The second thing I’ve realized is that it is, ultimately, God’s responsibility. This takes a lot of pressure off. The worst case scenario is that this is just a meaningless search for meaning. Derek moves into a shelter…search for meaning…works day labor…search for meaning…starts a nonprofit…it didn’t work…and the story ends there. I don’t think the story would end there, but in this scenario I find myself awfully paranoid defending myself against what people will think of me, and also—ah!—against what they’ll think of God. And God clearly needs me to defend him. Ultimately, this has to either be God’s plan or a false start. If it’s a false start, just submit—for one reason or another, he didn’t want it to happen. The next try will work out better, or the one after that, or the one after that…If it is his plan, then no matter how many mistakes I make, it’s ultimately his responsibility for people to see the signs on the door and think, “maybe I’ll give them a call.”
Ultimately, everybody has to go through discouragement. There aren’t any good stories that don’t have it. Use your discouragement to be honest with yourself, learn about life, and draw yourself closer to God. Encourage yourself in the Lord. Read these words on the wall, “The present circumstances have no impact on eternity.” That should always make you feel better.
Learn to deal with discouragement the best you can, and nothing will be able to stand against you.
Monday, April 25, 2011
Thursday was the best and worst day IES has ever had.
I was dropping three guys off at a job site on Dorchester road when a landscaper called, wanting a guy as soon as possible. This meant we would be putting out 7 guys, a new record for a single day. The best day IES has ever had.
I scrolled through my phone and picked an individual who had been through our system, who I knew worked for another labor agency. I picked him up and took him to the jobsite. I told him I was excited for him because this landscaper wanted somebody everyday for the entire summer. A STEADY ticket is what every day laborer dreams of.
At 12:30 I called the landscaper to see how things were going. “Well, your guy listens to me, he does what he’s told…but he’s a little slow. But I’m going to talk to him about it.”
At 3:15 I got a call from my laborer. “This man says he needs somebody who will work faster. So I told him you’d find somebody else who will.”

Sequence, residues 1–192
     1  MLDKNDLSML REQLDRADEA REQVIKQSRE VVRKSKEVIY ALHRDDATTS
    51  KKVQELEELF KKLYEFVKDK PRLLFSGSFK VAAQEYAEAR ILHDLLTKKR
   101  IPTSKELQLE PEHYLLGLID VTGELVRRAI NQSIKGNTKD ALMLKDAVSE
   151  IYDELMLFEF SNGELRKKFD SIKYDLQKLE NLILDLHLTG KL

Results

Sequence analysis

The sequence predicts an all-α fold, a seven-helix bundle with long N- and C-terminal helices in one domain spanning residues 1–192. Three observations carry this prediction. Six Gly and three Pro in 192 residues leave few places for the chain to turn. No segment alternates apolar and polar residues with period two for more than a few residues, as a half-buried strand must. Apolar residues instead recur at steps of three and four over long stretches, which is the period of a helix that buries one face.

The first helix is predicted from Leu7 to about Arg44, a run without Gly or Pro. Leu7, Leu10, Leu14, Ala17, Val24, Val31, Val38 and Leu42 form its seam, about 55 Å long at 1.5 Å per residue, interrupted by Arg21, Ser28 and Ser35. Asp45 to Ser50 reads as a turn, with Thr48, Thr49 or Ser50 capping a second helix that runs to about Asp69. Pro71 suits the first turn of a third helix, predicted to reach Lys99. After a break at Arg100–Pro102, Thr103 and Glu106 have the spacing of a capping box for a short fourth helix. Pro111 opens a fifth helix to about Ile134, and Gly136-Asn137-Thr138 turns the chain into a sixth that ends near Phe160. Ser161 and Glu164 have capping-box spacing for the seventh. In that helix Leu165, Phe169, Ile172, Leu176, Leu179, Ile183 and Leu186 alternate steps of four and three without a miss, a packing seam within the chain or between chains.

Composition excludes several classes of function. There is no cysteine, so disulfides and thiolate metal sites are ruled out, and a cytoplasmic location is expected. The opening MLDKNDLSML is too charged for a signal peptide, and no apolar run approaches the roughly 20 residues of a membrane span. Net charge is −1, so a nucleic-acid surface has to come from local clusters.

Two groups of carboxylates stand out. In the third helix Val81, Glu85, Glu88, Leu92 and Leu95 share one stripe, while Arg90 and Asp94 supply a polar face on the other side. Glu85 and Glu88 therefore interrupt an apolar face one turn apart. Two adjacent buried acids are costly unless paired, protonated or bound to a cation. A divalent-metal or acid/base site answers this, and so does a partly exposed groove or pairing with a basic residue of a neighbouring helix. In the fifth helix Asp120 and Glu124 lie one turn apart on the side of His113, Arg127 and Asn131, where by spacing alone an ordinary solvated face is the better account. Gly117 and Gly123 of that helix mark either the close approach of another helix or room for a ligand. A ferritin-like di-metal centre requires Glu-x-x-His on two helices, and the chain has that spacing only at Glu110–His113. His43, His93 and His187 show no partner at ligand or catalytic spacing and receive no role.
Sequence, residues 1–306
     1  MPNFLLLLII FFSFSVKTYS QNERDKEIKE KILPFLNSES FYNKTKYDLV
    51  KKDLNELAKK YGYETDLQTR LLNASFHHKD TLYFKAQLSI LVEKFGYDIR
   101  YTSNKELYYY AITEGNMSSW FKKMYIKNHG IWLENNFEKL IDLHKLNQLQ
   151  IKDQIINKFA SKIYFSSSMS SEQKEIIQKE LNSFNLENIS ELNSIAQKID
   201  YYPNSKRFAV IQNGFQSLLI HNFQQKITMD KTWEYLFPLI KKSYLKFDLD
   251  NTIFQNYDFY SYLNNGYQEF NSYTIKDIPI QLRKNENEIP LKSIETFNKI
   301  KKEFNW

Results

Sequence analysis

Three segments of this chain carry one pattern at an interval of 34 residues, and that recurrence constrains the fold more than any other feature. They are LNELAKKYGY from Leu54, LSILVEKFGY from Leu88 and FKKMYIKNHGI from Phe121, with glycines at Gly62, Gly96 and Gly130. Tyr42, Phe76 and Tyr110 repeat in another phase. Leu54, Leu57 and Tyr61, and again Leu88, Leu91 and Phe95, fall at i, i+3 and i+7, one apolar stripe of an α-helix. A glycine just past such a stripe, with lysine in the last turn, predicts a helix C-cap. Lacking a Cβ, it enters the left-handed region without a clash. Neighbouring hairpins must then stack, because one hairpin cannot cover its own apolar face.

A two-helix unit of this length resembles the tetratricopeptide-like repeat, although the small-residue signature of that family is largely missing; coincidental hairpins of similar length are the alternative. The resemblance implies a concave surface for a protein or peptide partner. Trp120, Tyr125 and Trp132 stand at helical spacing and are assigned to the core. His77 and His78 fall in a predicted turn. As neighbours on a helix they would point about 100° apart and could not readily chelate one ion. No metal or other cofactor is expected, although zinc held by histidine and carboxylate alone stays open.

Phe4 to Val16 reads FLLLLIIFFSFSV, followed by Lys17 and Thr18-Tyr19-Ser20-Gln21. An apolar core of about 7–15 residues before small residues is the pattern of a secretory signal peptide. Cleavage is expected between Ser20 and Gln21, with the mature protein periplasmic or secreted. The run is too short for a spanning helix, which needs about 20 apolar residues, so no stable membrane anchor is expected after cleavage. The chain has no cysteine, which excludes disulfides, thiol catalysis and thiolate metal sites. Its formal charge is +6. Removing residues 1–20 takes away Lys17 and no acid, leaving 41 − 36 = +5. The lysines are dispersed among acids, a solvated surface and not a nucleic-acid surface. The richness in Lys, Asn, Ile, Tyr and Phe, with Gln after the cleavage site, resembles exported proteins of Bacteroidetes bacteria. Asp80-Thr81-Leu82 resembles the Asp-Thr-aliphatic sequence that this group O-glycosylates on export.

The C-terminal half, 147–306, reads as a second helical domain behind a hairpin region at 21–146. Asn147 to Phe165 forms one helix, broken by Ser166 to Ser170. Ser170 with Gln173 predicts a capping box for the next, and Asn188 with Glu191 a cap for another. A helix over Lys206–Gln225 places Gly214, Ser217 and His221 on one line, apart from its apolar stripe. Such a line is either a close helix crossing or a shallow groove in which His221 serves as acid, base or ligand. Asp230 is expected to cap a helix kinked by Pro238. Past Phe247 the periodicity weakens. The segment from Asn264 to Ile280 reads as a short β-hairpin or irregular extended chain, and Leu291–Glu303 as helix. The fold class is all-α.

“You need to finish the day for him,” I said.
“No,” he told me, “I already quit.”
The worst day IES has ever had (probably not the last).
I refunded the landscaper for the entire day, and ended up paying my laborer too, who insisted he worked a full eight hours and seemed willing to do whatever it took to get his money.
People, in general, have been wearing on me. I get lots of calls from a friend of a friend of a friend who walked by our door. Sometimes people call 4 or 5 times in a row until I pick up, at 1 and 5am, as if I were a 911 operator and their house were on fire. “Can you get me a job?” they ask in urgent desperation. I tell them how it works, that you have to come to the classes, etc. Then they say, “Where are you located?” I tell them. “Hold on, hold on, let me grab a pen.” They still need a pen after calling 4 or 5 times.
The other day a significantly overweight woman came in the office at 7am to introduce me to her adopted son. “He needs a job,” she said. I told him about the classes. “Okay,” he said. And then, “Can I use your bathroom?” Okay. He was loud and made it smell terrible. Then he sat in front of the office for half an hour and came back in to use the bathroom again. “Where did the toilet paper go?” he asked.
“We’re all out.”
Meanwhile, his other brother who had also been sitting in front of the office for an hour came in and asked me if I would watch his suitcase for him while he went to Piggly Wiggly. I told him I was leaving and it would probably be best if he took it with him. He explained he had a bad back and was going to let me watch it anyways.
One more, if you don’t mind: